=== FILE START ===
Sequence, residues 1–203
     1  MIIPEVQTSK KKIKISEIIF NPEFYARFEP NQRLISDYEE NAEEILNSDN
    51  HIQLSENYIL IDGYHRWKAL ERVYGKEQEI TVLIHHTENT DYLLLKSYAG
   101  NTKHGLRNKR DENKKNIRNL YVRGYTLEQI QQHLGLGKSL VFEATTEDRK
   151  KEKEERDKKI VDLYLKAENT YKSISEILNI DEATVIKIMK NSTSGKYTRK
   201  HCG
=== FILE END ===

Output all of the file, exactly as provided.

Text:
Sequence, residues 1–203
     1  MIIPEVQTSK KKIKISEIIF NPEFYARFEP NQRLISDYEE NAEEILNSDN
    51  HIQLSENYIL IDGYHRWKAL ERVYGKEQEI TVLIHHTENT DYLLLKSYAG
   101  NTKHGLRNKR DENKKNIRNL YVRGYTLEQI QQHLGLGKSL VFEATTEDRK
   151  KEKEERDKKI VDLYLKAENT YKSISEILNI DEATVIKIMK NSTSGKYTRK
   201  HCG